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Berlin: From divided city to tourist hot spot

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Berlin: From divided city to tourist hot spot
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Thirty years ago Berlin was divided by an infamous wall. Today it is a vibrant, unified European capital. Hardly any other European city has experienced such a turbulent history, and hardly any other city has changed so quickly. But debate still rages over what reunification has meant for Germany, especially for those in the East.

Austrian photographer Gottfried Schenk moved to Berlin in the 1970s. His photographs show how the city has been transformed by comparing pre-wall images with those taken after the wall was taken down. He says Berlin is a paradise for photographers because it is a city which is in permanent transformation.

Reuters

Berlin is now a tourist hot spot. And one of the questions most frequently asked by visitors from around the world is "Where is the wall?" Schenk still remembers vividly how the wall gradually disappeared from the landscape.

"When I look at some pictures, I feel gratitude and happiness," he explains. "For example the pictures of the wall in Steinstücken with the overturned watchtower. I always say to myself how beautiful. I have lived and experienced what is was like with the wall and the feeling of being 'walled in' and now it is gone, and we are free."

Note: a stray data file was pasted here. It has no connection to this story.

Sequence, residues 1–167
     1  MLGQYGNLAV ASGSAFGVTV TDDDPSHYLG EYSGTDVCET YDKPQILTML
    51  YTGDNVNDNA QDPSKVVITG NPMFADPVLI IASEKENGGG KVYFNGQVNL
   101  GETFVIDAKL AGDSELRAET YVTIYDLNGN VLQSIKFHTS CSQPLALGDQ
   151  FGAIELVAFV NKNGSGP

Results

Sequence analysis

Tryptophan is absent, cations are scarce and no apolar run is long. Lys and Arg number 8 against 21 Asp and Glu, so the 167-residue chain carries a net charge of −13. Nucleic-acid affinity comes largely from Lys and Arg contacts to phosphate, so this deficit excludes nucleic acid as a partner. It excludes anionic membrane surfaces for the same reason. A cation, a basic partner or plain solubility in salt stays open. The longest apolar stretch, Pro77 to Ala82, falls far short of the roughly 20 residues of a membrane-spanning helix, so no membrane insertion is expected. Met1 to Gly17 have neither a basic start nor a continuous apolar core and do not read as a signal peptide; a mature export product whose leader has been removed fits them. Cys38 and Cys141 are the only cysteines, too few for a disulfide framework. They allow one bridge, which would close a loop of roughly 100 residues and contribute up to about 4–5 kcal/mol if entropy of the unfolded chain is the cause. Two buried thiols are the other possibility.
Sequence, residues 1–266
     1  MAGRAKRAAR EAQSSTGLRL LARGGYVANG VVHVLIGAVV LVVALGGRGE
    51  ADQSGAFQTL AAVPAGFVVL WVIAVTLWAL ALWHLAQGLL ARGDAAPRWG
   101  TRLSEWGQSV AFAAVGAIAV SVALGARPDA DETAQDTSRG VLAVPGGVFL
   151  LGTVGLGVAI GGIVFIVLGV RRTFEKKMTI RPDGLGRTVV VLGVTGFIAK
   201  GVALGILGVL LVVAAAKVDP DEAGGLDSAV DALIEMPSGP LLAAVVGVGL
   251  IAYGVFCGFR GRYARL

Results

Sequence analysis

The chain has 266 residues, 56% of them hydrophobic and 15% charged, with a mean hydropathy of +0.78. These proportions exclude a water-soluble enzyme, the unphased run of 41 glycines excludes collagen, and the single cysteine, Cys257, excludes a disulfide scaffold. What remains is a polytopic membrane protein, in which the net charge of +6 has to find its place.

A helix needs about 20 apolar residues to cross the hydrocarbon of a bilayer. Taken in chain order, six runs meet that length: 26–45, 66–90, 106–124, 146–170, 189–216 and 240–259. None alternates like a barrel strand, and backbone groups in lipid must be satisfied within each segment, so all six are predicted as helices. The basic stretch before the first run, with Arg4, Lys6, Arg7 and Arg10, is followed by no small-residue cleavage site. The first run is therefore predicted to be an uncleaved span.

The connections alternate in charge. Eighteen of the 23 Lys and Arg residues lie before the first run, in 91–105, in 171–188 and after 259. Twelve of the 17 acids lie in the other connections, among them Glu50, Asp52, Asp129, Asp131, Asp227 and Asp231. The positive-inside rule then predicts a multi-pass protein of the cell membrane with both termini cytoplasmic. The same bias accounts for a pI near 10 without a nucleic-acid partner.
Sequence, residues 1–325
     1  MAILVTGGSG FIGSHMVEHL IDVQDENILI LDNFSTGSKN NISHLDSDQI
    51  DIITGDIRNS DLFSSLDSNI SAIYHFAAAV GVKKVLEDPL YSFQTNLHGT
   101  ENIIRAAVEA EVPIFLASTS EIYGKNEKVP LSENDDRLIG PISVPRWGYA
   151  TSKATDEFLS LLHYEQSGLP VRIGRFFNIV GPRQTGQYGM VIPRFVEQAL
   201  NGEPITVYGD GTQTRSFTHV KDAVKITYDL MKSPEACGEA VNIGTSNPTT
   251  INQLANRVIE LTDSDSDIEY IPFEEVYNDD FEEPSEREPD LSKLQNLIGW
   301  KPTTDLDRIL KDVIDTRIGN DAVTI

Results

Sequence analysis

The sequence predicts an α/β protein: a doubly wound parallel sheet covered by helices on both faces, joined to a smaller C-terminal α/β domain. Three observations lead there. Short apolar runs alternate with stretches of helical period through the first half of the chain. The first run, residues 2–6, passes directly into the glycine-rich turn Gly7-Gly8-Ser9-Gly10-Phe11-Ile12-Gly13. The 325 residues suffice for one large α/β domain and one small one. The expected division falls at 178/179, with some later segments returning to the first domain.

Former German chancellor Willy Brandt once coined a famous phrase about the reunification of East and West Germany: "What grows together belongs together".

Berlin has become one city and its architecture reflects the fact the difference between East and West has faded and in some cases even disappeared.

Schenk says after the wall was demolished, the East managed to retain it authenticity. But then came reconstruction.

"Before there were grey and dilapidated facades, but then they renovated the houses," he says. "But for the people, in their heads, this process is not yet finished."

Reuters

With the fall of the wall, the former GDR disappeared and now lives on only in peoples' memories.

The so-called children of the reunification (Nachwendekinder) born around 1989, have never known the former GDR, but they still have a strong link to former East Germany.

Johannes Nichelmann is a journalist who believes the East/West division is also experienced by younger generations.

He is a child of the reunification and writes in his book about growing up with very conflicting tales of life in former East Germany. He says the anecdotes recounted by parents and grandparents gave the impression life in the GDR was often good.

"On the one hand, it was a 40 year-holiday by the Baltic sea, and everything was sunny and nice," he says. "And on the other, is the media narrative which was 40 years of Stasi jail, barbed wire, and everything was bad. But there must be something in between the Baltic Sea holiday and the Stasi prison."

He believes the conflicting descriptions of life in the former GDR is not discussed enough within families, or in the media."

He believes breaking the silence within families would bring about a better understanding of the past and says it would help to stop drawing a distinction between the East and the West.

"I believe that we must understand the problems as pan-German problems whether it's the extreme-right, or the consequences of globalisation, or structural change or emigration," he explains. "This exists in the whole of Germany, and is way too often confined to this exotic idea of East Germany."

But he admits it's and ongoing process and has already seen divisions about the wall slowly but surely shrinking with each generation.

"My crystal ball told me that for the next generation it will probably, hopefully, have faded away," he says. "I now have a three-year-old nephew and I fervently hope that when he is an adult, he won't be bothered by it anymore."

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